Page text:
On Jan. 29, PoliceMag.com's newsletter OnTarget reported that a subject attempted a gun grab on NYPD Officer Magna Kamara who was working a security detail for the Grammy Awards. Fortunately, the subject failed and Officer Kamara prevailed. She was injured when the subject reportedly threw a laptop computer at her, but she prevailed.
This incident left me wondering how many gun grab incidents occurred in the preceding year. Unfortunately, my data quest did not yield an answer. I found this disconcerting since the biased news media routinely discharges data like lethal ammunition aimed at law enforcement. Law enforcement, alternatively, is great at capturing criminals, but not data.
Capturing gun grab data would serve law enforcement in two ways. First, it would aid us in refining weapon retention training and tactics. Second, it would support law enforcement messaging in combating the mythology of the harmless "unarmed man."
While we don't have data reflecting gun grab attempts, there is data that indicates the number of officers who were killed feloniously with their own firearms after gun grabs. According to the National Law Enforcement Officers Memorial Fund's Law Enforcement Officer Fatalities Report, three officers were fatally shot with their own firearms last year.
And law enforcement does do a good job of recording the number of assaults against officers. According to the FBI's 2016 Law Enforcement Officers Killed and Assaulted (LEOKA) report, criminals assaulted 57,180 law enforcement officers that year. Based on the biased news media reports involving officer use of force, one would expect that the majority of assaultive criminals employed some form of weapon in attacking an officer. To the contrary, the LEOKA report indicates that the so-called unarmed subject was responsible for 78% of the assaults committed against law enforcement. Yet this goes unspoken during the media's hindsight critiques of an officer's use of force against unarmed subjects. If we don't do our best to gather accurate data and educate the law-abiding public regarding who's committing these assaults against law enforcement, then we're passively empowering that false media narrative.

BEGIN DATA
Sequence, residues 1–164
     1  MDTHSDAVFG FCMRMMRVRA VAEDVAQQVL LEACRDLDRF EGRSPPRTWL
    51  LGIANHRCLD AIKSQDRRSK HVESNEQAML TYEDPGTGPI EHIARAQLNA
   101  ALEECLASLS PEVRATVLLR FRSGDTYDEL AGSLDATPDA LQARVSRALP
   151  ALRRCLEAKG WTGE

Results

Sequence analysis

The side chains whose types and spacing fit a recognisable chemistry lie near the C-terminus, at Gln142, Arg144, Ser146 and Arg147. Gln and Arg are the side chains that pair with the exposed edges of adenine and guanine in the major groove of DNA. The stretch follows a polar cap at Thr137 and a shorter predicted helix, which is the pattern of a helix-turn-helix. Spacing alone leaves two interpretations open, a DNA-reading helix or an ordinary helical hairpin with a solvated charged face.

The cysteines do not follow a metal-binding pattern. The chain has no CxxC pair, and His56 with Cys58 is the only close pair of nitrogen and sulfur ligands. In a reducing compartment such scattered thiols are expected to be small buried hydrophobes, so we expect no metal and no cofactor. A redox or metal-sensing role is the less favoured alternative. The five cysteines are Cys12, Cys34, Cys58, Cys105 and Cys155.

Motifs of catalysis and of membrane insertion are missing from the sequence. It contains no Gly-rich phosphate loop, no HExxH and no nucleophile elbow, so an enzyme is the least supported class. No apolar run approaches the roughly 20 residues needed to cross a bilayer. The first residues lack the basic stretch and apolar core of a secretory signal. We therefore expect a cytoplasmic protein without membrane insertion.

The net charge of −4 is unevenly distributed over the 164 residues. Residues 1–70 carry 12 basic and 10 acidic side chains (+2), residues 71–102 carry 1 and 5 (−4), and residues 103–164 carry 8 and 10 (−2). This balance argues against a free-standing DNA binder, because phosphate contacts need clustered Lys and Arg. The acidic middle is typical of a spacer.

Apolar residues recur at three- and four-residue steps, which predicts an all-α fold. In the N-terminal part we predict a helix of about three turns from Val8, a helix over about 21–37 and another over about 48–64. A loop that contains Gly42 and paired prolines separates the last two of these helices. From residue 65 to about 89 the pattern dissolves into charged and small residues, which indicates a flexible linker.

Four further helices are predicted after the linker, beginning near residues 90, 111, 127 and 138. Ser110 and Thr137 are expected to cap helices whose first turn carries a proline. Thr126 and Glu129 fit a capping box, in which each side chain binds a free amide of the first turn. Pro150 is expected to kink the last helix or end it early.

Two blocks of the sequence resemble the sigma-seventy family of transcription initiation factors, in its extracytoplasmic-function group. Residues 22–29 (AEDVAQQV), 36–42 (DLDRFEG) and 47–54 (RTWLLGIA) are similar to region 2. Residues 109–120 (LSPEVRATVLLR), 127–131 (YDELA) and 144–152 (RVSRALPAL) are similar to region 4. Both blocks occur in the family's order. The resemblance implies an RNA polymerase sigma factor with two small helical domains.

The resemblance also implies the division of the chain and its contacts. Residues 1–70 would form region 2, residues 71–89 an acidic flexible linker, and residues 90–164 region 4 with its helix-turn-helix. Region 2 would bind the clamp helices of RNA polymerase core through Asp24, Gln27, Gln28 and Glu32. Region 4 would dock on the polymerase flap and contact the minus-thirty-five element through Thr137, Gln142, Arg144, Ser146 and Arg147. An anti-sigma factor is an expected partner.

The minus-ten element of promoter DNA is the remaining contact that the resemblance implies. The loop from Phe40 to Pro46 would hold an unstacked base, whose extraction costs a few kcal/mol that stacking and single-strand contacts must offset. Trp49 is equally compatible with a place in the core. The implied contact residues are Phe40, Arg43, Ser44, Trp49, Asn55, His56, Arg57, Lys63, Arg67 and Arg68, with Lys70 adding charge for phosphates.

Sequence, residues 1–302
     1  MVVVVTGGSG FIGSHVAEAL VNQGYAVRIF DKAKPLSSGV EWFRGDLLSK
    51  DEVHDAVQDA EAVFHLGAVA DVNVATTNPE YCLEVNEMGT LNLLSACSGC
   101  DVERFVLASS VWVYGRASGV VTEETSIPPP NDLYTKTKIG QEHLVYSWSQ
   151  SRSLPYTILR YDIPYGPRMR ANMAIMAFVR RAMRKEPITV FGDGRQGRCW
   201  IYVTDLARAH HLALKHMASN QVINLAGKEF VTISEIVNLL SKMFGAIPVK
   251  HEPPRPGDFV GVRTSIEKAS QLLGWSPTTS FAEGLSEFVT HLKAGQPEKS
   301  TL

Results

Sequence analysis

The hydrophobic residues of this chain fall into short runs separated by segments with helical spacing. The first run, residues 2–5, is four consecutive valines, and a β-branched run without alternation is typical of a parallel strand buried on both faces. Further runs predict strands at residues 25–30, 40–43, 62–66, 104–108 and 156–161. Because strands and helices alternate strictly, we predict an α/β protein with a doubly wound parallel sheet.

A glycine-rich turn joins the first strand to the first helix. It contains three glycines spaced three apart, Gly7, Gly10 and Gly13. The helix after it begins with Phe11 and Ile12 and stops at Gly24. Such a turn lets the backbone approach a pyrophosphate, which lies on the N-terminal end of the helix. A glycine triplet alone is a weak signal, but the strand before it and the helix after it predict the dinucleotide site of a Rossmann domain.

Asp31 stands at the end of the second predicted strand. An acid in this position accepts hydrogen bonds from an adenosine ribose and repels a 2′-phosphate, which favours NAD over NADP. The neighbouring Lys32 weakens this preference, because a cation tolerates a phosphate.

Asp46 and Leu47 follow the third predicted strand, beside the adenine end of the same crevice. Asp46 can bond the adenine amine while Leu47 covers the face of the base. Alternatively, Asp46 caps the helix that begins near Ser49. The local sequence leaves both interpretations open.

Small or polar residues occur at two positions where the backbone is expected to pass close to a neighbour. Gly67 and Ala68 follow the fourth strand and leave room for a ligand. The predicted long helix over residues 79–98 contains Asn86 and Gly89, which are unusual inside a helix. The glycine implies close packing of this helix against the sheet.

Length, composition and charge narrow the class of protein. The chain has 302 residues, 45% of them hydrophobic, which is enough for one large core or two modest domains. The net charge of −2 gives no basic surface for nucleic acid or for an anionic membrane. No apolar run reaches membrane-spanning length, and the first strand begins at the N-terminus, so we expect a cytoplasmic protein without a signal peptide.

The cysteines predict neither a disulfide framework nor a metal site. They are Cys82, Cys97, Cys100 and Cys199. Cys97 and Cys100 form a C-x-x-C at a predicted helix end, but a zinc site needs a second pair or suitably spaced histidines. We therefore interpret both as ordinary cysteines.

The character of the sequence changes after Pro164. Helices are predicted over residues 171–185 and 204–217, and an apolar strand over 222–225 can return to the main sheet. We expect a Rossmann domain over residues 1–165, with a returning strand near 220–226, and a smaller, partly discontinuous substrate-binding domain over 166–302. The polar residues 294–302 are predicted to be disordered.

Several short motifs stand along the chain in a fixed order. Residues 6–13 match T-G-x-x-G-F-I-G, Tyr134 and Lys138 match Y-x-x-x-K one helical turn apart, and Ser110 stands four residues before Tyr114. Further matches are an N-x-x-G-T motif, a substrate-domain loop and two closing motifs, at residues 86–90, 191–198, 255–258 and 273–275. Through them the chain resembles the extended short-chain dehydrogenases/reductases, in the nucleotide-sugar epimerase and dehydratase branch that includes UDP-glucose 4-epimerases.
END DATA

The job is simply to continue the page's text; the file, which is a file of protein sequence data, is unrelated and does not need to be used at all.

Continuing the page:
The current culture suggests that the unarmed man has free passage to take an unlimited number of swings, kicks, bites, and headbutts against officers, and the officers' only recourse is to magically reposition themselves out of harm's way. We can't accept this as a cultural norm.
Each year, participating law enforcement departments contribute crime data to the FBI's Uniform Crime Report (UCR). In an attempt to expand on the data capture capacity of this report, the Department of Justice initiated the National Incident Based Reporting System (NIBRS). The goal of this system is to capture more comprehensive "incident and arrest information" for different categories of offenses. I'm not sure if NIBRS will capture gun grab attempts, noncompliance with verbal commands, and additional behavior data associated with the assaultive conduct of the unarmed man, but the system is only as good as the number of law enforcement departments and agencies contributing to it. Without the data, law enforcement can't educate the public effectively on use of force encounters and law enforcement trainers won't have the information they need to update training methods and tactics to focus on officer safety and survival.
So why can't law enforcement capture all the field data it needs? First, a law enforcement officer shouldn't be required to have a dozen complex passwords for accessing different systems to input use-of-force and/or arrest data. There is a screaming need to centralize the data collection through one database. This includes capturing both arrest and use-of-force information. If technology has progressed to the point where vehicles will soon be operating without a human driver's control, then the technology also exists where relevant information could be input and captured via one database.
While NIBRS may not be perfect, it's the best system available that will enable law enforcement to capture a wider array of important data. Of course, there is an associated cost attributed to becoming NIBRS compliant, but law enforcement partners can accomplish this through different grant options. NIBRS will only yield a benefit to law enforcement if a sufficient number of departments contribute to the data input.
Body armor may protect law enforcement from bad guy bullets, but data can protect officers from lethal anti-cop rhetoric. If we recognize the value of data tactics, law enforcement can improve its officer safety-based training and empower its narrative.